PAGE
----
The Legal System Goes Digital

Jetske Heikens

As from 1 September 2017 commercial cases exceeding a value of EUR 25,000 heard by the courts of Midden-Nederland (Utrecht) and Gelderland can only be filed electronically. By simplifying and digitising procedural law the legislator aims at expediting civil law proceedings (among other things).

Digital litigation will be introduced in phases and by area of law, and will eventually be adopted by all courts in the Netherlands. Civil litigants are exempt from the obligation to file cases electronically, they may also file written documents. Claimants start civil proceedings by submitting a form using the online portal. This form is called the ‘initiating document’ and will replace the writ of summons. Just like the writ of summons, the initiating document must state the names of the parties, the claims, grounds, evidence and dates for the court appearance of the defendant(s). Evidence may be added. Next, an invitation to raise a defence will be included in the digital casefile. The claimant can send this invitation to the defendant within two weeks, by post or by e-mail. If the defendant then (using the online portal) registers in the online casefile, there is no need for a bailiff. However, if the defendant does not register, the invitation must be served by a bailiff after all. In matters before the sub-district court the defendant has four weeks after appearing to file a defence, six weeks in other cases.  After the defence has been added to the online file, the Court will hear the case. During the hearing, the parties are given the opportunity to expand on their positions, answer questions of the Court and/or have witnesses and experts examined by the Court. The Court may also ask the parties to try and reach a settlement. If no settlement can be reached, the Court will decide. In complicated cases the Court may decide to extend the proceedings (for instance by inserting an additional round during which the parties can expand on their arguments or during which (more) witnesses or experts can be heard). The parties can always check the online casefile for the latest status.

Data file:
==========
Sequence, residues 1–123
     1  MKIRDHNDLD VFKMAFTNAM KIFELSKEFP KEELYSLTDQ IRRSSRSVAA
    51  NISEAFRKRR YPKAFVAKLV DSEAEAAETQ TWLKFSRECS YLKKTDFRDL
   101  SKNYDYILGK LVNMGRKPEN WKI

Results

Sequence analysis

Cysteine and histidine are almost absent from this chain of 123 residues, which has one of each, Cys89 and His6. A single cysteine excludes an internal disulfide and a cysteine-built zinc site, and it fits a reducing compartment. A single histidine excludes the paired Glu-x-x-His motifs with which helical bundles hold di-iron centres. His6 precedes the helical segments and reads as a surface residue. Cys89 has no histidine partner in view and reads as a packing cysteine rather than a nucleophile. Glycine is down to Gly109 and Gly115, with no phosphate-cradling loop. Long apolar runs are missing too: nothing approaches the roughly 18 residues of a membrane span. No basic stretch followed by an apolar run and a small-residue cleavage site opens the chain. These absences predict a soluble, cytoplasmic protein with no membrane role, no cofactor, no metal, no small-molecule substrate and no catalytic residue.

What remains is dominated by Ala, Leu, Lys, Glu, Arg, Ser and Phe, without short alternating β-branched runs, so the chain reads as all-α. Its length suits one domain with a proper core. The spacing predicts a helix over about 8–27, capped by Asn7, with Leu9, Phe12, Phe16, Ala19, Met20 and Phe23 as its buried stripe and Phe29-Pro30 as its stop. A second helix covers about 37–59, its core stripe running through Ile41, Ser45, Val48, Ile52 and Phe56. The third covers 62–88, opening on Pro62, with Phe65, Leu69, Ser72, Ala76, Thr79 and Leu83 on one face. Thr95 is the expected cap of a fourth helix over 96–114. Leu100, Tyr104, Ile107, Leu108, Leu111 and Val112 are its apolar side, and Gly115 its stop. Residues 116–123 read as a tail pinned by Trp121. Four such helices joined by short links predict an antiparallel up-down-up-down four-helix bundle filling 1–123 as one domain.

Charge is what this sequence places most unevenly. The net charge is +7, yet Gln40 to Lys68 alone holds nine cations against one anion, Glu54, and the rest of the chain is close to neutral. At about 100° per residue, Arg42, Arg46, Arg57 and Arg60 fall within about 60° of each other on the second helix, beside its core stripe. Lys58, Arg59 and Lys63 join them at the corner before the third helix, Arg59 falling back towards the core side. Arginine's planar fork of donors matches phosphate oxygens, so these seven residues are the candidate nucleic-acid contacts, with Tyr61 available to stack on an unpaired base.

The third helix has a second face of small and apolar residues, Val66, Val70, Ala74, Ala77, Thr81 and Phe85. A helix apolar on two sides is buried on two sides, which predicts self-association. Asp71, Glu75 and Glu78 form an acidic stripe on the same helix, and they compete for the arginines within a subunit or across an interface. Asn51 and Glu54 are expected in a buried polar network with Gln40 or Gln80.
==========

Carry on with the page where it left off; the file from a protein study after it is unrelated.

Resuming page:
With the introduction of online litigation, terms have been tightened up, also for the Court. Courts are expected to review cases at an early stage to decide what needs to be done to handle the dispute efficiently. Where necessary, the Court will request any missing information though the digital system, and set terms. In this way, unnecessary delays can be avoided and the Courts will have the information they believe to be essential for the proper handling of the case even before the hearing.

It might take lawyers some getting used to, but hopefully digital litigation will indeed result in more efficient proceedings and thus quicker rulings.

Jetske Heikens

19 September 2017

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